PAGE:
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Watch: Man Buys $115,000 Hummer Electric Truck - It Immediately Left Him Stranded in Middle of Road

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It must be one of the more dramatic failures of an electric vehicle chronicled thus far. And it could have ended up much worse.

In a video posted on YouTube on Tuesday, Roman Mica, publisher of the website The Fast Lane Truck, recounted how his website had purchased a brand new General Motors Hummer EV. Price: $115,000.

After only a few days, and with fewer than 250 miles on the vehicle, the Hummer had problems in spectacular fashion. Alone on a busy highway, Mica found himself stranded. In true journalistic fashion, he pulled out his camera and documented what had gone wrong.

The Hummer ceased to budge.

The shifter wouldn’t move. The trunk refused to open.

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The only things working during the ordeal were the windshield wipers and the hazard lights.

As if to underscore the absurdity of the situation, Mica recorded himself switching between two dash-mounted LCD panels, flicking through screens, trying to reboot the Hummer out of “safe” mode, to no avail.

Watch the video, which The Fast Lane Truck posted on its popular YouTube channel:

Had it not been for the timely arrival of a police car, the Hummer could have been rear-ended by another vehicle. Fortunately Mica’s son Tommy soon came to the scene. Followed by a tow truck, which had the unenviable task of loading a 9,400 pound vehicle that wouldn’t get in gear.

The Micas were finally able to get the Hummer rolling again. An article about the incident by The Fast Lane writer Zach Butler described how the team went through a complicated procedure that involved unhooking the battery to force a hard reboot of the system, then rolling the windows down in sequence, while stepping on the brake.

“Fortunately, Tommy and Roman were able to drive the vehicle back to the dealer after getting the Hummer EV out of this dicey situation,” the article states.

Chalk it up as another incident in the already troubled history of the model. The automotive news website Jalopnik reported in August that the supposedly “offroad” Hummer now risks severe malfunction if a car wash goes awry.

According to an article published in March by Elektrek, a website focused on electric vehicles, the Hummer EV also suffers from faulty tail lights caused by bad software. That issue prompted a recall by the manufacturer.

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And then there is the simple matter of recharging the battery. Something that under some conditions may take days to build up for the Hummer EV.

Perhaps General Motors was too hasty in bringing an electric-powered truck to market. It seems that there is an abundance of design issues with the vehicle.

But if some Hummer owners are having buyer’s remorse about buying an electric vehicle, they are far from alone in the EV world.

As Breitbart reported in September, Hoovies Garage, a YouTube channel with 1.4 million subscribers, posted a video about the “total disaster” that came about from testing the new Ford F-150 Lightning electric pickup truck.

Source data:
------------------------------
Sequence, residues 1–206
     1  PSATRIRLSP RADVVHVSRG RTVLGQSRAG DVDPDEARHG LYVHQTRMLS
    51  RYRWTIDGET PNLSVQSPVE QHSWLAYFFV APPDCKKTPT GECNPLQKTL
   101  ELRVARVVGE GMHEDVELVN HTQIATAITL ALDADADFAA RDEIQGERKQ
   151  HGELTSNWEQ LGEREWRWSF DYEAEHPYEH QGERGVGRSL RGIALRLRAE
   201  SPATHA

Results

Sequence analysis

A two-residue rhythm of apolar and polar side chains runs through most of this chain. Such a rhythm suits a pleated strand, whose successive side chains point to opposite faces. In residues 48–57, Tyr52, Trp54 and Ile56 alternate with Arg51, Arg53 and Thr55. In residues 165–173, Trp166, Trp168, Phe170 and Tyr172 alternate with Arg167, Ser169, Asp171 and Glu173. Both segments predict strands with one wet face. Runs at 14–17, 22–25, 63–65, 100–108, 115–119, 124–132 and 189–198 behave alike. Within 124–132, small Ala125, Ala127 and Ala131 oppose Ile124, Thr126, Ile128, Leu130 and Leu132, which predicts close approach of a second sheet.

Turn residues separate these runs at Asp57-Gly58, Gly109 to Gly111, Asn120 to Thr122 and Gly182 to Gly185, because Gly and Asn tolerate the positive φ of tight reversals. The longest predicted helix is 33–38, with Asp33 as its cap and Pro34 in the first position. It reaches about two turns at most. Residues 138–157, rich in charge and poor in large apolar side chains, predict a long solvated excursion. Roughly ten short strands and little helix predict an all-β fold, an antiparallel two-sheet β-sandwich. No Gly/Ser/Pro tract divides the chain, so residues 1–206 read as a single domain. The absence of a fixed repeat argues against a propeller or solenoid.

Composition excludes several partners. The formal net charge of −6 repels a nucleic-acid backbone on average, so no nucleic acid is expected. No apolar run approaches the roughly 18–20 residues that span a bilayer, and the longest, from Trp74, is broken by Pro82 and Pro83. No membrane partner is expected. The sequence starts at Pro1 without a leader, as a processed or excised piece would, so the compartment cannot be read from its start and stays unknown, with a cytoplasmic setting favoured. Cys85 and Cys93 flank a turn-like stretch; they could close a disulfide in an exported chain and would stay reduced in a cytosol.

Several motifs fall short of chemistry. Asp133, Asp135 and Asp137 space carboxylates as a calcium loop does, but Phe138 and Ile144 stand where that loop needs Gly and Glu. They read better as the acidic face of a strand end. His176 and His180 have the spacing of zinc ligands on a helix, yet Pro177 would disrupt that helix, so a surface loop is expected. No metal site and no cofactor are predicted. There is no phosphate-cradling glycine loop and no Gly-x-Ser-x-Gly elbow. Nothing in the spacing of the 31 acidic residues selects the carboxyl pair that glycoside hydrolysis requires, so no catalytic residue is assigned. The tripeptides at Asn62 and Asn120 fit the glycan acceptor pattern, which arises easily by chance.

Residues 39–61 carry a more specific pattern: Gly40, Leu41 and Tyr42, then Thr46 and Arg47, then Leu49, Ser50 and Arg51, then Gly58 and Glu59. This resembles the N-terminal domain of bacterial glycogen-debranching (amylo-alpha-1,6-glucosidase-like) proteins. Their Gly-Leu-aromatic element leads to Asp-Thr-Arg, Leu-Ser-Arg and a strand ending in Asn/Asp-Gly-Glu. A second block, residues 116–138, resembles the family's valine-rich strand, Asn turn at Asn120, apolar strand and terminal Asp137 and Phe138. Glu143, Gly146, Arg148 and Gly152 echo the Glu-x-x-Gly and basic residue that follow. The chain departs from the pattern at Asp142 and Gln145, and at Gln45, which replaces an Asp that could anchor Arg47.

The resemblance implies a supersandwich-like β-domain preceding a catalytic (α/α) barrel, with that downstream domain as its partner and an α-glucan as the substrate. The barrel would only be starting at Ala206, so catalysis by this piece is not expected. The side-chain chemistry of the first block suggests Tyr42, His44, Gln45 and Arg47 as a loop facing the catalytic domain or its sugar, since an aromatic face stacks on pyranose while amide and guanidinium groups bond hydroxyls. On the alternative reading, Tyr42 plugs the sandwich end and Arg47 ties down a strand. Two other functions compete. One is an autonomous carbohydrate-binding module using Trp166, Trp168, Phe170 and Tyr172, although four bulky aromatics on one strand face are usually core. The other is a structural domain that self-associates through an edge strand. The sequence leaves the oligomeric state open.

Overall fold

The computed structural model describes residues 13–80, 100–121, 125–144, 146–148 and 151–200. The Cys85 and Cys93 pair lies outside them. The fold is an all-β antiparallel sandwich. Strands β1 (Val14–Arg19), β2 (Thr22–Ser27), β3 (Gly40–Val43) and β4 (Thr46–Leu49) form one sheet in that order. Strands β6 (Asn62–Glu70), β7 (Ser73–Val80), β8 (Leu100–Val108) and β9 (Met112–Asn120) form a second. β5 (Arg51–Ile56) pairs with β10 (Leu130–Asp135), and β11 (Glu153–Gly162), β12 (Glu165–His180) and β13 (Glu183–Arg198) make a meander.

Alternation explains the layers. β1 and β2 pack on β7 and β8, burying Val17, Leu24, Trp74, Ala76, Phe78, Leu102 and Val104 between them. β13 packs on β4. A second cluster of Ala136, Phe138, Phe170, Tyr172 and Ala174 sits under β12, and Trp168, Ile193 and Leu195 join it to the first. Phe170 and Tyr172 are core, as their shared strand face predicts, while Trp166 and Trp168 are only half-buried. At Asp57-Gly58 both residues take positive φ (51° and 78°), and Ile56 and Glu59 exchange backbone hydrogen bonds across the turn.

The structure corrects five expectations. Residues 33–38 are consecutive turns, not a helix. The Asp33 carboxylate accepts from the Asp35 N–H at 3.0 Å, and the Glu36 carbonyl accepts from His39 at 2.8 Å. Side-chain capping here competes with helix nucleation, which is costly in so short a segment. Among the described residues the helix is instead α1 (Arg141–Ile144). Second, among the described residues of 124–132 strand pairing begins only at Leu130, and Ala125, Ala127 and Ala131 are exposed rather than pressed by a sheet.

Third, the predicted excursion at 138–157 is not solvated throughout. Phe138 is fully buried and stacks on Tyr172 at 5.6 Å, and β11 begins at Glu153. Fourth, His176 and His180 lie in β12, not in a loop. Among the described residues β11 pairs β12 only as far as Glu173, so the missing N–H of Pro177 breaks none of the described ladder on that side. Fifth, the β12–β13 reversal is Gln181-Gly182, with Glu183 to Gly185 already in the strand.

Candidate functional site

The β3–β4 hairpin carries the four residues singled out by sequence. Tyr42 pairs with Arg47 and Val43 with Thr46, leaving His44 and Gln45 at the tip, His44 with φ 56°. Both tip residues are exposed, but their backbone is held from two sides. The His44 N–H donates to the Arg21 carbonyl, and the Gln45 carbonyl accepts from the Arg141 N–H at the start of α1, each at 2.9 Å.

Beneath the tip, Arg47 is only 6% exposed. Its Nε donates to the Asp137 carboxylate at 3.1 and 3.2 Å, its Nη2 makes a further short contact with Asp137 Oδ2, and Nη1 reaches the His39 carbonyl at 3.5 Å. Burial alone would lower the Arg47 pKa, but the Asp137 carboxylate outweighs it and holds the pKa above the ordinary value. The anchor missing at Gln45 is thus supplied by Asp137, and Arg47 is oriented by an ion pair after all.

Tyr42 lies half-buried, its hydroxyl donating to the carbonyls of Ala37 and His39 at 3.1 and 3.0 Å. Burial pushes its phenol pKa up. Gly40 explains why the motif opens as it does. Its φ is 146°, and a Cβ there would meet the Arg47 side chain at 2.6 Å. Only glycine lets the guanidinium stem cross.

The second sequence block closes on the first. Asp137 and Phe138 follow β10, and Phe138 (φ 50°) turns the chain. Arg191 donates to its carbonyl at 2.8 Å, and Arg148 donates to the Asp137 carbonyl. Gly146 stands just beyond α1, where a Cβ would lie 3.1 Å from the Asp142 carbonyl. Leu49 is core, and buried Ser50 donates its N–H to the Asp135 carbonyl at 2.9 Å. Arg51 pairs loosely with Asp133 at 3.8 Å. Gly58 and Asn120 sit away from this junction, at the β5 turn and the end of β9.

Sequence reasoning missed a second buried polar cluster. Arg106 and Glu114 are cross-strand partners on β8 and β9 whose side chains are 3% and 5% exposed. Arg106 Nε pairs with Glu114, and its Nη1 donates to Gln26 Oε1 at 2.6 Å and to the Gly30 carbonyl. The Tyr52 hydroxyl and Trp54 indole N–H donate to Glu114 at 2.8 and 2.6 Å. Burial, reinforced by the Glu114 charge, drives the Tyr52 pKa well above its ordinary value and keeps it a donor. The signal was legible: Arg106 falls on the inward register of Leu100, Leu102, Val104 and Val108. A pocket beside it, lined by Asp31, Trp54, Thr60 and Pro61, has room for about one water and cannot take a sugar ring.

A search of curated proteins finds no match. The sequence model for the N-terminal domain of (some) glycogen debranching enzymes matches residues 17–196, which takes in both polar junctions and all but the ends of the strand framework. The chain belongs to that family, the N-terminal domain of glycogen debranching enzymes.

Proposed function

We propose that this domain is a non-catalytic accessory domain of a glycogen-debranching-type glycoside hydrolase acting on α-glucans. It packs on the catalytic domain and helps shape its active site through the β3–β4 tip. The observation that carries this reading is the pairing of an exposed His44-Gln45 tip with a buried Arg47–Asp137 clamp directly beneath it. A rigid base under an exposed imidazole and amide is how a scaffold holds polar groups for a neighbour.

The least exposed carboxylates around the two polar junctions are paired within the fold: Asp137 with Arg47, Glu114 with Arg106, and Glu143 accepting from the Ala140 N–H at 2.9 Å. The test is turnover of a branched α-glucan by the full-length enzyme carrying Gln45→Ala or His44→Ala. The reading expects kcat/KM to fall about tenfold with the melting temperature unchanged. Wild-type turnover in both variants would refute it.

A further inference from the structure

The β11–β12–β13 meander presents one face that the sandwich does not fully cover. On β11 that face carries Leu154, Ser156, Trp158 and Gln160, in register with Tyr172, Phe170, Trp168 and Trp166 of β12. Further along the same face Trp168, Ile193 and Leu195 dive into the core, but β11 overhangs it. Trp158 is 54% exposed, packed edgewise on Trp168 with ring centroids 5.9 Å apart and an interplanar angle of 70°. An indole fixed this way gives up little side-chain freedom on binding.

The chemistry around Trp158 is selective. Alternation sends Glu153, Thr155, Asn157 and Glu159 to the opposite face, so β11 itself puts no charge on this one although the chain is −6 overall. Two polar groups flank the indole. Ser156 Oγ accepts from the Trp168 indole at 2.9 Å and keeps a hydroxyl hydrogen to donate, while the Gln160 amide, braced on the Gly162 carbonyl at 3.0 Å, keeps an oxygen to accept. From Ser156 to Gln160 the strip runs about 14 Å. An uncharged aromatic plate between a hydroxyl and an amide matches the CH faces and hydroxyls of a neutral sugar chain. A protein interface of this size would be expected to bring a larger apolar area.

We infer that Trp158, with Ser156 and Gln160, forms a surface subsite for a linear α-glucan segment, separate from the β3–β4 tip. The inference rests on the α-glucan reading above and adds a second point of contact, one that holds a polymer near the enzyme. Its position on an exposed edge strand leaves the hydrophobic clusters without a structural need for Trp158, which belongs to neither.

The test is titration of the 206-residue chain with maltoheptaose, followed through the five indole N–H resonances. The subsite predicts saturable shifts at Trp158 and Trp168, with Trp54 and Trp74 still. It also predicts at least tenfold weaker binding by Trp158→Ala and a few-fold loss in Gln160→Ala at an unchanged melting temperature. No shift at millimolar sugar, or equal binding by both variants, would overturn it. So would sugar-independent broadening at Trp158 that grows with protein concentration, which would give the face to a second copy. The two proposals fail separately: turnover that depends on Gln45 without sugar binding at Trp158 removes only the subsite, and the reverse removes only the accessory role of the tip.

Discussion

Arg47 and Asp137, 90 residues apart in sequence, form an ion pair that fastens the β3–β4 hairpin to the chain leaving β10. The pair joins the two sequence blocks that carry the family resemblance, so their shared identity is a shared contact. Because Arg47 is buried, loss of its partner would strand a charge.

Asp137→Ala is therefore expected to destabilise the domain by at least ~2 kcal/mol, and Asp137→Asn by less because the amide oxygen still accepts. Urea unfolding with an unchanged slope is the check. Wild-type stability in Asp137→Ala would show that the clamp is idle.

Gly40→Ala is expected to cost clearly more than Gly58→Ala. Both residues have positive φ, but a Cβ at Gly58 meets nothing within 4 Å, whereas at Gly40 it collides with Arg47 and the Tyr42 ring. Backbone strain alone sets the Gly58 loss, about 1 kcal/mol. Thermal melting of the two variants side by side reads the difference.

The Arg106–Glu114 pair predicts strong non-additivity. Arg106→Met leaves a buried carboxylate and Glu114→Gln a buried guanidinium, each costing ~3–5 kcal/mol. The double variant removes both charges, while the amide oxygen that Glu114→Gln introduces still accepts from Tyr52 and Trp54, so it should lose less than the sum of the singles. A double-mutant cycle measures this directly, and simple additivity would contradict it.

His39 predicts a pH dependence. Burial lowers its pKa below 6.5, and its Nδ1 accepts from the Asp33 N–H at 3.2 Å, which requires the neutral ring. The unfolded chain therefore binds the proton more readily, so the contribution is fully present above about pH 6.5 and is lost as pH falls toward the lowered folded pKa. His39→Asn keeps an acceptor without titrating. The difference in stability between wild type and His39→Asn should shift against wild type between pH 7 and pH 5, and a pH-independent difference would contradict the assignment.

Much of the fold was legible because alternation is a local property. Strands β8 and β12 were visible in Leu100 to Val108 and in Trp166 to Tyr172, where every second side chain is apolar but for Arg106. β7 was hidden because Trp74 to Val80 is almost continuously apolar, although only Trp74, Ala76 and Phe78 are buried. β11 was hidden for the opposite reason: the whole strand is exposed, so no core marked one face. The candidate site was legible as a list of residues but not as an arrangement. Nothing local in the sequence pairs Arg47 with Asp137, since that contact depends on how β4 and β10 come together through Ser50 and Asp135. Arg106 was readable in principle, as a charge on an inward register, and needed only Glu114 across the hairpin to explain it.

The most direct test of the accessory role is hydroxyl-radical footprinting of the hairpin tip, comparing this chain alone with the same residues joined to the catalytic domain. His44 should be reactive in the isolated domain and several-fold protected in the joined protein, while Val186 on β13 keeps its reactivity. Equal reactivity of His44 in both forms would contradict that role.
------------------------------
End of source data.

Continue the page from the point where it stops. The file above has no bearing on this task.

In July, the 17-year-old owner of 2014 Ford Focus Electric, purchased used for her by her parents, found out it needed a new battery that would cost $14,000 — more than the $11,000 the car cost in the first place.

In June Toyota issued a recall for its first electric vehicle.

Consumer research group J.D. Power published a study three months ago indicating that EV owners are far less satisfied with their cars than are those who own traditional gas-powered vehicles. And it seems that unreliability of battery power is but one of the issues.

And yet, “progressive” politicians and “green energy” advocates remain obsessed with forcing Americans to buy electric vehicles in spite of the many problems that continue to plague the industry. The most rabid proponents of electric automobiles refuse to let the free market decide if such cars and trucks are truly wanted or even necessary.

Liberals such as President Joe Biden and California Gov. Gavin Newsom believe that they can drag the American people kicking and screaming into buying cars that they cannot afford.

Nobody wants to drive an unreliable car or truck or SUV or minivan. Americans want to buy vehicles they can trust to take them where they need to go, whether it’s getting groceries or going to work, driving to church, or rushing to the hospital with a medical emergency.

Traveling by vehicle — like any activity in life — will always involve risk. But it should not be compounded by turning a car into the physical incarnation of the blue screen of death.

Biden believes that he can “executive order” the American people into defying their own wisdom about purchasing an automobile. He, and many others, are blind to reality. Two million people had power restored in Florida within days of Hurricane Ian. It’s doubtful that many, if any, in the army of out-of-state line workers who helped accomplish that arrived in electric vehicles.

Roman Mica’s experience with a Hummer EV will likely prove to have not been an outlier — just the first of many still to come.

If so-called “progressives” get their way there will be millions of electric vehicles on the road, each one rife with potential “software error” and shorted-out batteries. Countless cars and trucks, waiting to break down without warning. Or conceivably going completely out of control on the highway: Computerized missiles homing in on innocent targets.

This article appeared originally on The Western Journal.

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